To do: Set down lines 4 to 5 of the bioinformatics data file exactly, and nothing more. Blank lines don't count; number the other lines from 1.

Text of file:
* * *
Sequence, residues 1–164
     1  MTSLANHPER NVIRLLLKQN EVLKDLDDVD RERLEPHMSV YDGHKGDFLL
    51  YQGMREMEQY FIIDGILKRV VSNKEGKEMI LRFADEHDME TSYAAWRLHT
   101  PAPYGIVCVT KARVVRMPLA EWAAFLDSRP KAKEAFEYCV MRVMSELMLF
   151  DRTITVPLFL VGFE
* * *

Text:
   101  PAPYGIVCVT KARVVRMPLA EWAAFLDSRP KAKEAFEYCV MRVMSELMLF
   151  DRTITVPLFL VGFE